Mother Of All Smart Grids Coming To Maui

Hawaii has a lot going for it; near-perfect weather, postcard views, not to mention the Aloha spirit.  Hawaii also boasts of some of the most aggressive clean energy goals in the world, and with at least 66 renewable energy projects in various stages of development, this state is fast becoming a major player in the global clean energy economy.

Hard to believe, then, that things just got a little better in Hawaii as the state recently signed a memorandum of understanding with Japan’s Industrial Technology Development Organization (NEDO) an arm of Japan’s Ministry of Economy, Trade and Industry, to build a first-of-its-kind smart grid demonstration project on Maui. We first brought you word of this interesting project last month.

Surrounded by the Pacific Ocean, blessed with year-round sun, consistent trade winds, and home to one of the earth’s most active volcanoes, Hawaii is one of the few places in the world capable of harnessing solar, wind, geothermal and ocean thermal energy – all within a 200-mile span. With significant renewable energy already in place, Maui is the perfect location for the $37 million project, which is designed to establish a model to integrate clean energy in a smart grid system.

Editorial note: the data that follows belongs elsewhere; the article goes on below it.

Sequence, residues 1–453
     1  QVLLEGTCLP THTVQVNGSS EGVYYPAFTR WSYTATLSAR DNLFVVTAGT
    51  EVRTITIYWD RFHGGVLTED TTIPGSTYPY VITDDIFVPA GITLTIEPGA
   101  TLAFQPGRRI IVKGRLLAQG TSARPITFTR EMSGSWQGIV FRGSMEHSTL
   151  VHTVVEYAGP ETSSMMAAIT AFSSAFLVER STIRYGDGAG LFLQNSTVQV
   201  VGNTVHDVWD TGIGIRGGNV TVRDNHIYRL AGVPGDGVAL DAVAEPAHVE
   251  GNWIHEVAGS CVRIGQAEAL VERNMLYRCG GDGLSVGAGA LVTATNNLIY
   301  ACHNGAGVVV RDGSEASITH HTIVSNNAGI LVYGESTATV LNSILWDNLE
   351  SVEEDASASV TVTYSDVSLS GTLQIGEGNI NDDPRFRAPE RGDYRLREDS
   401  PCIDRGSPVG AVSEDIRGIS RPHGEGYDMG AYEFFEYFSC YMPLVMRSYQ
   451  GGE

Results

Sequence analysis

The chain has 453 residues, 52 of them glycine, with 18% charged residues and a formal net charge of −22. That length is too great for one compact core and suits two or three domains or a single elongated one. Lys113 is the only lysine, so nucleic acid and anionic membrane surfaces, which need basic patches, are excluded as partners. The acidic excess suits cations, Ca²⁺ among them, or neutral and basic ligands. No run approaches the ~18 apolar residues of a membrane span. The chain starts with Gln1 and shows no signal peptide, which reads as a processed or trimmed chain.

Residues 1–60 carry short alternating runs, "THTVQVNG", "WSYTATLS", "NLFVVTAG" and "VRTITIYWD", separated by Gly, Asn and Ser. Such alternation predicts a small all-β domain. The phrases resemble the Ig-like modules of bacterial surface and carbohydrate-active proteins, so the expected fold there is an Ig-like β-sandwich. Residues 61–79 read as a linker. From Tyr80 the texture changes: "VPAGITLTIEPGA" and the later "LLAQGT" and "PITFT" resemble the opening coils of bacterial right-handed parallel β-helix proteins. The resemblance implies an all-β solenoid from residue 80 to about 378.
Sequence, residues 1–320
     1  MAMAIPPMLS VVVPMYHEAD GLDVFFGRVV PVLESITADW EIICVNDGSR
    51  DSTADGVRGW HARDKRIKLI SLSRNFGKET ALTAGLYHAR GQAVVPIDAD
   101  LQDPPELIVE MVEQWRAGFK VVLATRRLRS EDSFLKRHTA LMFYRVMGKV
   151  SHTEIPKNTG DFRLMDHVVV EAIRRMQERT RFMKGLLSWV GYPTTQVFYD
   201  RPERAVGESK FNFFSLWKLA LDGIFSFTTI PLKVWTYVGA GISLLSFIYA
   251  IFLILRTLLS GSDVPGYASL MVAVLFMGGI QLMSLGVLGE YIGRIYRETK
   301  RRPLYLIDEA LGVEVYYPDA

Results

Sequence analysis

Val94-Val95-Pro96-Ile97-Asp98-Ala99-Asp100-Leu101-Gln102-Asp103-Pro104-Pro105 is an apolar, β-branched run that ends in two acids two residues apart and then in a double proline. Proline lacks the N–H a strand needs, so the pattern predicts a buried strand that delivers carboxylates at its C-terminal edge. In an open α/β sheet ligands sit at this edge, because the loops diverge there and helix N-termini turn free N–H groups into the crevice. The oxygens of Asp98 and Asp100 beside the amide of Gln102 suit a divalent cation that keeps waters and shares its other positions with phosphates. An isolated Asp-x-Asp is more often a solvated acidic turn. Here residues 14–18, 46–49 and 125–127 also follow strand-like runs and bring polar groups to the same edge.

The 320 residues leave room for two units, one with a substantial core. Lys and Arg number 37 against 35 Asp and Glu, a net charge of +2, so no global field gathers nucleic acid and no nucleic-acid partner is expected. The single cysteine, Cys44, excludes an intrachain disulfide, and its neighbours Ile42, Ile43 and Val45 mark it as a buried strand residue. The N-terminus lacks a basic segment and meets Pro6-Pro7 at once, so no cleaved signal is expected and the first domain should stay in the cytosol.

Maui smart grid

image via Shutterstock

More specifically, the project will develop and install smart utility system controls in the Kihei area on Maui to improve the integration of photovoltaics and electric vehicles. Advanced electric vehicle charging management systems will enable utility operators to better balance generation and power demand, while accepting larger amounts of solar and wind power.

Installation of the smart grid technology is expected to begin in late 2012, with the project becoming operational in 2013. The demonstration project is scheduled to run from 2013-2015. “It is our great pleasure to be provided a special opportunity to work along with Hawaii in a cutting-edge smart grid project under the Japan-U.S. Clean Energy Policy,” said President Hato of NEDO. “Such mutual collaboration will contribute to a breakthrough toward a solution needed by both countries, expansion of renewable energy and integration of grid networks. We hope that this project will provide a model for island grids in the Asia-Pacific region and across the globe.”

Steve Duda lives in West Seattle, WA with three dogs and a lot of outdoor gear. A part-time fly fishing fishing guide and full-time writer, Steve’s work has appeared in Rolling Stone, Seattle Weekly, American Angler, Fly Fish Journal, The Drake, Democracy Now! and many others.

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